The treatment process at Abraxas is designed to address these issues with youth in an individualized manner. We work with each youth to develop healthy boundaries, establish appropriate attachments, cultivate age appropriate social skills, expand coping strategies, process trauma, and develop an understanding of and correctives for their behaviors. Residents are provided with numerous age-appropriate and experiential learning techniques to express themselves in more socially appropriate ways. This includes community service events, field trips and challenge course activities.
Different firesetters require different treatment approaches; This is NOT a ‘ONE SIZE FITS ALL’ clinical population. The below listed juvenile firesetter typology can be used to help recognize behaviors and begin to identify treatment needs. Effective outcomes are even more frequent when we carefully match treatment intensity to the seriousness of the juvenile firesetter’s problems.
|Curious or Accidental||Younger children who do not understand the basics of fire such as it hurts, it spreads, etc.||Fire Safety Education, including their caretakers (when possible). Possible counseling/therapy to help the child deal with the impact of their fire when indicated.|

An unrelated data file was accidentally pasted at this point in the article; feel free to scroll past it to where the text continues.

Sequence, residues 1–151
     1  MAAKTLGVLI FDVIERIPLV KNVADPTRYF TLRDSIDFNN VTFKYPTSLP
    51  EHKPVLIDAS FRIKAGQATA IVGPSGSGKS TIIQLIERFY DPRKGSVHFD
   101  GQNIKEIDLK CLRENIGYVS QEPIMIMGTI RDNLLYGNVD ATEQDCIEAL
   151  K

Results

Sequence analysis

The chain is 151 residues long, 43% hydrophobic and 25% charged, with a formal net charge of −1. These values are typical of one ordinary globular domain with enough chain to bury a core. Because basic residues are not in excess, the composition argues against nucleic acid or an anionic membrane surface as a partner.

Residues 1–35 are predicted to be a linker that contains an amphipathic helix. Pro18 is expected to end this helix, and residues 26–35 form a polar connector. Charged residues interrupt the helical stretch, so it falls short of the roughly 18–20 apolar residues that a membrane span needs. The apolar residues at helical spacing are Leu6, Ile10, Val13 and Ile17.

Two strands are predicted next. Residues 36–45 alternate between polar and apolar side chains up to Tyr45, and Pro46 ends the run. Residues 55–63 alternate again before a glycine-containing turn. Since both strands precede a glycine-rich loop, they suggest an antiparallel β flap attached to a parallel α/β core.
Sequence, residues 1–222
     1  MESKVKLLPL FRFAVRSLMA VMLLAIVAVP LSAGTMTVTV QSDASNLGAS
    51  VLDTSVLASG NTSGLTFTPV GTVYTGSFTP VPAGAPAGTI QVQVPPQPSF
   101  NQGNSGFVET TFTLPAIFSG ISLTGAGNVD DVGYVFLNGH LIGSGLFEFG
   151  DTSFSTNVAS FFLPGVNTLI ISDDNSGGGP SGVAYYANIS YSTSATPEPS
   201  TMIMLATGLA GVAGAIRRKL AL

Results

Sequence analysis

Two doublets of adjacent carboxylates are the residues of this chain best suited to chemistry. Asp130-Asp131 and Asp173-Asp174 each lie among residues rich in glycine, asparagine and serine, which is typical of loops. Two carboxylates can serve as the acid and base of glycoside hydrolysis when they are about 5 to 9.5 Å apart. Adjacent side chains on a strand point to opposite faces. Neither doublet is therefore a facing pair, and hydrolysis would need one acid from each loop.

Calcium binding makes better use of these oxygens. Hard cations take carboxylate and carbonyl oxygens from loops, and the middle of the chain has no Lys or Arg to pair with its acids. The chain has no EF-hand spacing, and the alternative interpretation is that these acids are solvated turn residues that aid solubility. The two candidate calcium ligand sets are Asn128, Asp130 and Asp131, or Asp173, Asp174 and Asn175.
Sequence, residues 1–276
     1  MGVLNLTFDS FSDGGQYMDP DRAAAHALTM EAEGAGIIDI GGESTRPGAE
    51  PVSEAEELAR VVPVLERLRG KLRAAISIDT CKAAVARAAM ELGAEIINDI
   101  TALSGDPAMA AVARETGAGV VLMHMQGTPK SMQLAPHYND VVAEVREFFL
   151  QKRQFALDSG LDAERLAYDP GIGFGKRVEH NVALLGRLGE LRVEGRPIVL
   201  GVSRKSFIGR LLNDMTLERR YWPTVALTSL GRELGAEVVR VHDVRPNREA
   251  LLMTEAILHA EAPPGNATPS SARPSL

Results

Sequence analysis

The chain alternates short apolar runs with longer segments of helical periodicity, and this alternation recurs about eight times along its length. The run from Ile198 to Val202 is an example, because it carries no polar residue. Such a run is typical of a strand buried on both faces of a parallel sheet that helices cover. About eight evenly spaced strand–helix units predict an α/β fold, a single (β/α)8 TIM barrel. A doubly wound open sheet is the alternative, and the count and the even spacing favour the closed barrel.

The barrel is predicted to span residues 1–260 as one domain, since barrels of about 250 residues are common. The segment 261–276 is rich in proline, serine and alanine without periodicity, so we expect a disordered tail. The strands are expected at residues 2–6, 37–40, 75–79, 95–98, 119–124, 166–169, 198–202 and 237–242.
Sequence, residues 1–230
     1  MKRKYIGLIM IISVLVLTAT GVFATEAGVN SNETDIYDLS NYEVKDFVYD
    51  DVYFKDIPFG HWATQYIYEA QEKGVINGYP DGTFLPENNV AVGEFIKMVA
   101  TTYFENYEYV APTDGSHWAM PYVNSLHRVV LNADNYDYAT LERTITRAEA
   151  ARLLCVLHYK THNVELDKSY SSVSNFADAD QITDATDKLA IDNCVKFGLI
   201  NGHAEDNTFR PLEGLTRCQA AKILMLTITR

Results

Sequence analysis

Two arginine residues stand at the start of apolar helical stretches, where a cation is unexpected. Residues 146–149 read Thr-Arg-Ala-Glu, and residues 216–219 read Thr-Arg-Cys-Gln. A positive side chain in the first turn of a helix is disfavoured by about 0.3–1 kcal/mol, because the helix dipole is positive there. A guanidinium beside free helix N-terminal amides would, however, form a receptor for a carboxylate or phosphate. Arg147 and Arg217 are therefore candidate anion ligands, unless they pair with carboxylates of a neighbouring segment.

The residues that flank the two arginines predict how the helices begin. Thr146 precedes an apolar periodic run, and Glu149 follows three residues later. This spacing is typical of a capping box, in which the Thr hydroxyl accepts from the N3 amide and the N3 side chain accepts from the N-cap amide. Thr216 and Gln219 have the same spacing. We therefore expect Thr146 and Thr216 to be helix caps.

|Crisis/Cry for Help||Children who use firesetting as a method (however distorted) to manage or resolve a crisis situation. Either they do not know how to get help or have psychological impediments to getting help.||Fire Safety Education, social service and/or counseling/therapy to resolve the underlying crisis. Relapse prevention so that future crisis situations do not lead to firesetting recidivism.|
|Delinquent||Usually middle school aged, these children derive pleasure from their intent to be destructive and the anti-authority aspect of setting a fire. Usually set fire with peers||Implementation of legal and financial consequences. Education regarding other potential and realistic consequences. Balanced and Restorative Justice initiatives such as restitution, containment when safety needs to be ensured and possible highly structured residential care in more serious cases.|
|Revenge*||Children, usually teenagers, who use fire to obtain revenge. This is easy to ascertain when the revenge is direct but more difficult to discern when the target is random.||Consequences for setting the fire are necessary. Residential care is often necessary. Treatment should focus on down regulation of anger as well as exploration of other underlying emotions that magnify anger (fear, shame, hurt, etc).|
|Maladaptive Coping*||For these teenagers, firesetting becomes a solution to feelings of alienation, poor self-esteem, anxiety, and the like.||Residential care is frequently indicated. Work must focus on removing fire from being a solution to in-depth psychological problems. These problems will also require considerable clinical work.|